I think this guy is a clown.

    Reply
  3. It’s a rainy day and we begin play. The bet is a 20 dollar Nassau no automatic presses. After 6 holes of play, Golfer 1 is up by 3 holes. Golfer 2 presses and loses the press on the 7th hole. Golfer 2 then presses the press on the 8th hole and both bogey the hole. On the 9th hole Golfer 1 wins the hole and the press. Golfer 1 is 5 holes up on the overall but before playing the back nine rain forces the course to close.

    Question #1 Is the entire bet cancelled because the course closed?

    Question #2 If the front nine bet counts, then how much does Golfer# 2 owe Golfer # 1.

    Thanks for Your Help!

    Reply
  4. BB – My feeling is that a Nassau is not a Nassau unless you have the opportunity to play both nines. A Nassau is a three-legged bet. You have to play both nines to give the team that was down in the first a chance to get their money back.

    So I would say that the entire bet is cancelled.

    Reply
  5. Golf blogger – with regard to the rained out $20 nassau, you sound tentative when you say “my feeling” I was of the understanding that a nassau was 3 seperate bets or games. Once the front nine has been played and the presses are complete nothing can change the outcome, therefore it is a completed bet. I have been given contridicting opinions and would like to know either way what the gambling gods would do!

    Thanks BB

    Reply
  6. I am searching for a computer program that will figure side bets by entering players’ scores. Do you have an idea where I might look?

    Reply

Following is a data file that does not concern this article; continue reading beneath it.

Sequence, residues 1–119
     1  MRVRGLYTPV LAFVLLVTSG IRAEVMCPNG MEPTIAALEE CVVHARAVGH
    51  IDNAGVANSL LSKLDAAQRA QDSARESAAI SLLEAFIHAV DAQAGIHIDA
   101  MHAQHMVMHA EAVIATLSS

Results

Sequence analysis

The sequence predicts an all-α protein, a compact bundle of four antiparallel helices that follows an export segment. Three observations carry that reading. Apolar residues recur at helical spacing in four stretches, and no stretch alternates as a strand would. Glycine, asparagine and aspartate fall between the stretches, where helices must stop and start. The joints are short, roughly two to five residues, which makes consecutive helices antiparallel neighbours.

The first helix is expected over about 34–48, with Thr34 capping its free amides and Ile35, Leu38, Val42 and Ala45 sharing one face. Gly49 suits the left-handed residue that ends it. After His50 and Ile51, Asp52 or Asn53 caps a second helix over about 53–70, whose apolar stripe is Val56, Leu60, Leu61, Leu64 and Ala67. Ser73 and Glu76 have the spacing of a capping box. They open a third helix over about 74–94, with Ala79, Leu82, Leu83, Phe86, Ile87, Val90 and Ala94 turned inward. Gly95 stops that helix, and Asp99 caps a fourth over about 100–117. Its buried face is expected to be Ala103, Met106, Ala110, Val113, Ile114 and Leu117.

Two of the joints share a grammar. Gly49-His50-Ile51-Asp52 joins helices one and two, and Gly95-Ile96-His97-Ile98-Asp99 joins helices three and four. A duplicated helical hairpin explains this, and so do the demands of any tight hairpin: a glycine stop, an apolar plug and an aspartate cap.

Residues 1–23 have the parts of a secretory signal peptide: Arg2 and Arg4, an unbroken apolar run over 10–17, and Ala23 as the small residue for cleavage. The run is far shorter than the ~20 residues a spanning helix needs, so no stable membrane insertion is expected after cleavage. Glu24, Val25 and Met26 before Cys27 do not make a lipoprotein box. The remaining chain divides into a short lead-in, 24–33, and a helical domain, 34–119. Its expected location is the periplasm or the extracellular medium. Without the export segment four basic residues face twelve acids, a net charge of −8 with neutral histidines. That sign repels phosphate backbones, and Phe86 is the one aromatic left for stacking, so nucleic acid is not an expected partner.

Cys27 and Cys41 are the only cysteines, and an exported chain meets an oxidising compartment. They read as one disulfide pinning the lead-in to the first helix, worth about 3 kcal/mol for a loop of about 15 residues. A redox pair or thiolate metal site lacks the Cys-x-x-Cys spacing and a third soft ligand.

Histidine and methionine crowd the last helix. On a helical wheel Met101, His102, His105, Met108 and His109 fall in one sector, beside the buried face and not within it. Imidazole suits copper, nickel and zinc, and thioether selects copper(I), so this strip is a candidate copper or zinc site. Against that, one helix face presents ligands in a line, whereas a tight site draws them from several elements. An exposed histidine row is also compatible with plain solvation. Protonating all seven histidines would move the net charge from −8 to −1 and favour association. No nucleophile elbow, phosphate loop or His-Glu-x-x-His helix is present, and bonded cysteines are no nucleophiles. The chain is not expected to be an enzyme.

7. I would like to know what happens on a press is if there is a tie??

    I also had a game where I press for the last two holes and ended in a tie. It turned up the heat on the course.
    I felt a tie is a wash on the press, not the original match which I agree I lost. My opponent said I lost the press because I didn’t beat him.

    Does anyone have a ruling on this???

    Reply
  8. Please help. If I lose a $2 nassau on the front nine by one hole and win the back nine by two holes do I win $2, $4 or is it a wash. Thanks.

    John.

    Reply
  9. How do you call a bet that is a $1 nassau automatic press (you can make the scores up, but carry it out pretty far)  Thanks

    Reply
  10. if i have a 2$ nassau w/automatic 2 down presses, i tie the first hole,win the next 4 holes, lose the next 3 holes and tie the 9th.  what is the result of the first nine bet?

    Reply
  11. Thanks for your comment but i was in error when i explained it.  after 5 holes i was +4+2, I lost the next 3 holes,the 9th was a tie.

    Reply
  12. Question.  I was playing a nassau of 2-4-4 with automatic presses.  On the back, we had the following scores.  How many presses did we lose?  Please send answer to my email address:
    Hole 10 – Push
    Hole 11 – Push
    Hole 12 – They win …
    Hole 13 – They win
    Hole 14 – We win
    Hole 15 – We win
    Hole 16 – They win
    Hole 17 – They win
    Hole 18 – They win

    How many presses did we lose?

    Thanks,
    Ray

    Reply
  13. If a $2 nassau is played with three people, and two of the players tie on the front side; does the third player owe the other players anything or is it a wash?

    Reply
  14. How would you handle the scoring for a match play tournament with 6 teams where the golfers got in 4 of the 5 matches that were supposed to be played and rain came after 2 holes of the last match. Would you wipe out the last match because only 2 holes were played or count it as a full match for the final standings?

    Reply

Leave a Reply

This site uses Akismet to reduce spam. Learn how your comment data is processed.

%d bloggers like this: